Elenor wrote on March 20th, 2016
  2. You have a gorgeous family and you look radiant! So happy you found this and are having such great success. Best wishes for a healthy pregnancy.

    Ashley @ Down Home Duo wrote on March 18th, 2016
    • Thank you very much Ashley!

      Theresa Furey wrote on March 23rd, 2016
  3. Awesome! Great work Theresa!!

    Whitney Treadwell wrote on March 18th, 2016
    • Thank you Whitney!

      Theresa Furey wrote on March 23rd, 2016
  4. Congrats. Now that your body isn’t attacking itself, I hope you have smooth sailing in the years to come. Love the lavender field.

    Noconago wrote on March 18th, 2016
  5. Congrats Theresa! I really appreciate you sharing your story as similar health issues run in my family. Good encouragement for me to keep trying to eat primal.

    Paula wrote on March 18th, 2016
  6. Fantastic success story, Theresa! Best wishes to you and your growing family!

    Dr. Dana Leigh Lyons wrote on March 18th, 2016
  7. My doctor has always told me I have a larger than normal thyroid but says the tests they run always come back normal. No matter the fact I hate it I still try to eat one sheet of nori everyday. I treat it as a supplement not food, I just eat it plain and do it fast lol. However egg yolks, himalayan salt contain a good amount of iodine too. Strawberries, cranberries, bananas, tuna, shrimp, and baked potatoes all contain traces of iodine as well.

    barry wrote on March 18th, 2016
  8. I’m so happy that you’re feeling better. I love Mark’s Daily Apple. I learn so much from his blog. Congratulations to you and your beautiful growing family. I have a friend with Hashimoto’s disease, and I’m going to have her take a look at your post. I’ve never been diagnosed with it, but I feel so fatigued when I try to resume eating grains. I spent years as a single mom of three feeling like I could fall asleep at a moment’s notice. Although I’m about 20 pounds overweight at the age of 56, I feel better than I did in my younger child bearing days. I’m glad you’ve learned about primal eating while your children are still young. You’re going to need the energy!

    Laura Routh wrote on March 18th, 2016
  9. Wow, that’s wonderful! Do you limit foods like well-cooked broccoli, cauliflower, sweet potatoes, and cabbage? I eat a lot of those, and wonder if they affect my thyroid.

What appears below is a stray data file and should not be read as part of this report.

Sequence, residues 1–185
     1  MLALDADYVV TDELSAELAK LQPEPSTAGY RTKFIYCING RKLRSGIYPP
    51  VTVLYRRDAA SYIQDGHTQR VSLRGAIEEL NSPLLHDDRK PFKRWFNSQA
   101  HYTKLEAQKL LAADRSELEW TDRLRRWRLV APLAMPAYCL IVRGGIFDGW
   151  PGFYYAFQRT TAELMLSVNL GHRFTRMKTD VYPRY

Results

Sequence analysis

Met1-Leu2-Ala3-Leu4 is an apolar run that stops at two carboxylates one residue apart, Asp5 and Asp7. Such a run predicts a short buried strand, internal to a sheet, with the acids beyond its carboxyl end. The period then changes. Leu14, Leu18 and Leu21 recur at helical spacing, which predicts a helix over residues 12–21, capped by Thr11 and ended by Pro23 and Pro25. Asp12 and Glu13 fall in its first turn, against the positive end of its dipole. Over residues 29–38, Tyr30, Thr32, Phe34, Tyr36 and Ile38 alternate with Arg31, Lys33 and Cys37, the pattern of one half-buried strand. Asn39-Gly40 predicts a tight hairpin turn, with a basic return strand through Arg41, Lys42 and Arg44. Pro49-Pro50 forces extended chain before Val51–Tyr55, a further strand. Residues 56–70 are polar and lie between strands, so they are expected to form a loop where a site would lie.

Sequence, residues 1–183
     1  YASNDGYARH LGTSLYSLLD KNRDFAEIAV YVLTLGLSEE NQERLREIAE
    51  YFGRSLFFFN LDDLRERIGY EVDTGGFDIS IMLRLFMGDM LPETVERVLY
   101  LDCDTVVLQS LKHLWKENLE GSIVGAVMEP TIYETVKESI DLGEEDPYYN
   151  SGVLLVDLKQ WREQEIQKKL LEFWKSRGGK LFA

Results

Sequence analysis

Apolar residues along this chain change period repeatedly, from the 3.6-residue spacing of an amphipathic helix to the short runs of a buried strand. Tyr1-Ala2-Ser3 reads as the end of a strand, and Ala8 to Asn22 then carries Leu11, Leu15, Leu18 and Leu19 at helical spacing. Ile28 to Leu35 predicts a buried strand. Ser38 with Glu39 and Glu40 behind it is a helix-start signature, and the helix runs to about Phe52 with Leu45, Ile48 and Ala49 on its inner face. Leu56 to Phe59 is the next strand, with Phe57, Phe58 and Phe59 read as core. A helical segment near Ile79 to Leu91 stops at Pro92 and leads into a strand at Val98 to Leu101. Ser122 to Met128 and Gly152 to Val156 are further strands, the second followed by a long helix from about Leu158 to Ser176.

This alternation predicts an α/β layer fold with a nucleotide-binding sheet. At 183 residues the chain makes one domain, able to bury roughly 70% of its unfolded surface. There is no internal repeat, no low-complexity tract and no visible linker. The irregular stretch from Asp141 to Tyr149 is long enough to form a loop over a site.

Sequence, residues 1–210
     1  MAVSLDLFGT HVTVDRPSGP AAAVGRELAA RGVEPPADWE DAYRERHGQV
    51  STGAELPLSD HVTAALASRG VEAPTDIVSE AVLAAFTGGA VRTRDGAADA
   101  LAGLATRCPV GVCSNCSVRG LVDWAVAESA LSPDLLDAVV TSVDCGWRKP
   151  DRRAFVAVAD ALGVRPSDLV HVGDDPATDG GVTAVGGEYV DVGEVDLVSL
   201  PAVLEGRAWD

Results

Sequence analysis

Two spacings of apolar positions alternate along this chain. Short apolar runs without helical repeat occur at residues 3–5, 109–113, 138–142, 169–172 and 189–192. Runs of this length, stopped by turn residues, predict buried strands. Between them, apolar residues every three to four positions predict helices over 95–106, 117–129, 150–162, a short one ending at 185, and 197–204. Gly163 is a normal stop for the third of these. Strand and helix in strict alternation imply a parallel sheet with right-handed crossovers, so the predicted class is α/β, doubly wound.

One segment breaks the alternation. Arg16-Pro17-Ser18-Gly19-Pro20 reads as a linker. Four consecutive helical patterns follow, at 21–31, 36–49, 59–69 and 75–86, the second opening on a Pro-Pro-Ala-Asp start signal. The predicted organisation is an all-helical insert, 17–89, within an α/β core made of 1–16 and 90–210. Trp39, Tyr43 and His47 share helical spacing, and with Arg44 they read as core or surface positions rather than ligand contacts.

Tenny wrote on March 18th, 2016
    • According to my endocrinoligist, brassica vegetables are OK as long as they are cooked. Too much of them raw can mess with your thyroid levels. I wish I could eat coleslaw every day but alas, I limit myself to a bowlful every 10 days or so.

      Nanc wrote on March 18th, 2016
      • Thanks, that helps! I eat them well cooked, but several cups at a time, almost every meal. Sounds like that’s alright.

        Tenny wrote on March 19th, 2016
    • I do try to watch how many goitergenic foods I eat each week. As with anything its always best to keep a healthy balance. I also keep away from tea as most are grown in fluoride rich soil and that is counteractive to thyroid activity and I avoid caffeine too.

      Theresa Furey wrote on March 23rd, 2016
  10. It’s amazing what food can do! I wish more doctors would consider nutrition as a starting point for treatment of chronic conditions. This story was a pleasure to read, thank you for sharing it.

    Mitchell wrote on March 18th, 2016
    • Cheers Mitchell!

      Theresa Furey wrote on March 23rd, 2016
  11. You are glowing in your final picture, and it’s wonderful to hear of your return to good health. I wish you all the best with your new little one, and hope you can continue on the path to excellent health for you and your family in the future.

    HillyM wrote on March 18th, 2016
    • Thank you Hilly!

      Theresa Furey wrote on March 23rd, 2016